All of our garden plants are winding down for the year, yet the joy of each season’s garden still plays out in gardeners’ minds as winter sets in. Ask yourself what plants had an outstanding performance in the garden this year. What gave you the most color, sustained your soul or just made your heart skip a beat every time you viewed it? It is a tough call, and everyone has varying opinions about which plants did the best in their garden.
With so many outstanding garden performances, it is hard to whittle down the choices to the best of the best. Each plant brings something different to the garden. The categories chosen include best foliage, fragrance or flower.
There won’t be any red carpets for these winners, but we can reward these plants with a great compost mulch for them to stand in for their moment of greatness in the sun or shade.
Best Container Plant
Plants that go into containers have to put on a long floral or foliage show. They must be able to act tough enough to grow and compete with other plants sharing a limited space.
The winner goes to creeping gloxinia (Lophospermum erubescens) for outstanding foliage and long-blooming times as a single specimen in hanging baskets. This Lophospermum beats out the petunia for a single performance.
As much as people love petunias, these plants have played a starring role in containers for many years. Lophospermum is the newer kid on the block and will likely become the plant of choice for hanging baskets for years to come. They also make great spillers in large pots with mixed plantings.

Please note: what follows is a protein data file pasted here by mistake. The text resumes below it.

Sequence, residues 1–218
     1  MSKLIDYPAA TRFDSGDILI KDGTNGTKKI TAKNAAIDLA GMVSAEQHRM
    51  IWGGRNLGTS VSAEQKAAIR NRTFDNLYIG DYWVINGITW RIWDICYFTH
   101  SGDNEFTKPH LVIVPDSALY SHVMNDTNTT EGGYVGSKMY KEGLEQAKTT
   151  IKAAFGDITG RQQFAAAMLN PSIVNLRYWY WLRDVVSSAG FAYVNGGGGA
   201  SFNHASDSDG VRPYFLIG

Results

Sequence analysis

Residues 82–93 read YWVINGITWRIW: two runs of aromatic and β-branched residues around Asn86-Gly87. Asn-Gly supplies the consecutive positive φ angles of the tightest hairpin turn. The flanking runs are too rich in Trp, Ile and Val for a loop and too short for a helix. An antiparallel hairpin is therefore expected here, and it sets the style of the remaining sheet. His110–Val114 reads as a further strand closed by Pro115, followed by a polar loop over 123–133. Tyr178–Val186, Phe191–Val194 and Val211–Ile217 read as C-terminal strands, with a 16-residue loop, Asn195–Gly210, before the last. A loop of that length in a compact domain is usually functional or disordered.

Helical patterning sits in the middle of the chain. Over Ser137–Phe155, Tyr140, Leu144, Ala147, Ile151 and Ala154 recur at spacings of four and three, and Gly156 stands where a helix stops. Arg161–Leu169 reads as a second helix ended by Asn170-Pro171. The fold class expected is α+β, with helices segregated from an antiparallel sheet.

Outstanding Foliage for a Shade Garden
Foliage in shade has a lot to overcome. There are no shrinking violets allowed here; they must stand out with bold statements or they may find themselves upstaged by a sea of other green characters.
The winner goes to variegated false aralia (Fatsia japonica ‘Variegata’), sometimes sold under the trade name Camouflage. Many gardeners hold out for the plant’s true botanical name while the executives in charge want to market them under staged names.
No matter what its name is, this fatsia, with tropical-like leaves and stunning looks, is not only hardy here, it thrives in open to deep shade conditions. When surrounded by a boring cast of characters such as rhododendrons after their blossoms fade, fatsia gives a lovely year-round performance in comparison. To round out their show presence, off-stage the foliage is an excellent source of greenery for bouquets.
Outstanding Foliage for a Sun Garden
There’s stiff competition in the foliage category when it comes to tolerating full sun. Plus, foliage has an uphill battle for competing for attention when cast next to flowers. Although leaves play a respectable supporting role next to flamboyant blossoms, there are some leaves that give an over-the-top-performance no flower can match.
The winner goes to Ensete ventricosum ‘Maurelii.’ When this plant comes into the garden, everyone takes notice. Although it’s not hardy in the Pacific Northwest, you can easily winter it over in an unheated garage.
Unfurling from the center of burgundy stems, the large leaf starts out burgundy-red and ages to green with burgundy edges, while underneath it tends to show off a darker burgundy shade. Adorn your garden stage with a plant that gives the garden a lot of drama. This banana spells drama with a big D.